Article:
About this day
For A-level students
This autumn sees the return of our fascinating and challenging Sociology in Action enrichment programme to London. Through a thought-provoking, inspirational series of talks, leading experts will tackle a range of challenging questions exploring how society functions and the factors that influence life in today’s world. Offering students a unique chance to hear inspirational speakers grapple with today’s major sociological questions, this programme is guaranteed to leave them brimming with new ideas and perspectives. There will be a handy lunchtime examination session given by Dr Steve Taylor providing hints and tips to excel.
Programme & speakers
Representation Matters Aisha Thomas, Representation Matters
Until society represents everyone, the question will always be, do I belong? In 2017, The Runnymede Trust reported on the lack of BAME (Black, Asian and Minority Ethnic) teachers in Bristol, a remarkably diverse city. Aisha will explore how we can rethink representation within education.
About Aisha Thomas
Aisha studied law before moving into education to become an Assistant Principal at an inner-city secondary school. Today, she is an Educational Consultant in her own organisation, Representation Matters Ltd, and has a firm focus on anti-racist practice, equity, justice and liberation.
What's so sociological about disability? Tom Shakespeare, London School of Hygiene & Tropical Medicine
Tom will show how ‘disability’ is ripe for sociological analysis, from the point of view of medical sociology, social policy, cultural sociology, or political sociology. But it’s not just an academic issue; it’s about changing lives and transforming the world.
About Professor Tom Shakespeare
Tom Shakespeare is a Professor of Disability Research. His primary research interests are in disability studies, medical sociology, and social and ethical aspects of genetics. He has focused on qualitative research about the lives of disabled people and the barriers that they face and led projects about disability and sexuality.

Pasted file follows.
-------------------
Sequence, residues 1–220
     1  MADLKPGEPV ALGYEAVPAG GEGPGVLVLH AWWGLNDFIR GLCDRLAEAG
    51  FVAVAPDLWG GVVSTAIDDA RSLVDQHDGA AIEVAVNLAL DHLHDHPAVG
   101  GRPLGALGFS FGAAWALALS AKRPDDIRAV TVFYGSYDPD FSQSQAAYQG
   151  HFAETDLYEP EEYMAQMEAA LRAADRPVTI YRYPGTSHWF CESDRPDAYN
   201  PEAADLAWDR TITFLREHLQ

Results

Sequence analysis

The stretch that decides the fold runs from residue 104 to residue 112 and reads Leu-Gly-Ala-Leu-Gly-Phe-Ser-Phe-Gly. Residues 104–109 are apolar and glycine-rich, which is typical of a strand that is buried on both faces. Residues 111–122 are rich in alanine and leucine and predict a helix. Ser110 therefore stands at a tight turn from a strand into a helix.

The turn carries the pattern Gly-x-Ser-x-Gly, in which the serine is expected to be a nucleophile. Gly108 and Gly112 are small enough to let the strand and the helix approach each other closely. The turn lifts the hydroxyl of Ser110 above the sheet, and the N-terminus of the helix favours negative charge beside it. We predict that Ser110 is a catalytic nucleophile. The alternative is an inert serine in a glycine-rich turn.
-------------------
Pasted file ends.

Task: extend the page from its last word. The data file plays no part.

Predictive policing in the era of AI Craig Webber, University of Southampton
Craig will look at the use of predictive algorithms to more efficiently deploy police to areas that might be hotspots for crime. He will also question what role criminology, psychology and sociology play in a world increasingly organised through Big Data, AI and the Web.
About Dr Craig Webber
Dr Craig Webber is Associate Professor of Criminology within Sociology at the University of Southampton. He has been central to building the links between Criminology and Web Science. His book, Psychology and Crime, was published in 2019.
The effects of growing up and living in very unequal countries Danny Dorling, University of Oxford
Professor Dorling will focus on the effects of growing up in countries where the incomes of children’s parents varies widely, and the comparisons with more equitable and affluent counties. Is there a solution or any evidence of change happening today?
About Professor Danny Dorling
Danny Dorling is Halford Mackinder Professor of Geography at Oxford University, he has co-authored dozens of books and journals on social inequalities. His work concerns housing, health, employment, education and poverty.
From Women and Technology to Feminist Technoscience Judy Wajcman, LSE
The underrepresentation of women in computer science and engineering is mostly seen as an equal opportunity issue: providing women and other marginalised groups with equal access to interesting, well paid jobs. This talk will explain why it is also a matter of how the world we live in is designed and for whom. Including a wider range of perspectives and experiences leads to better and more inclusive technologies.
About Professor Judy Wajcman
Judy Wajcman is the Anthony Giddens Professor of Sociology at the London School of Economics. She is the Principal Investigator on the Women in Data Science and Artificial Intelligence research project at the Alan Turing Institute, a Fellow of the British Academy and has published widely.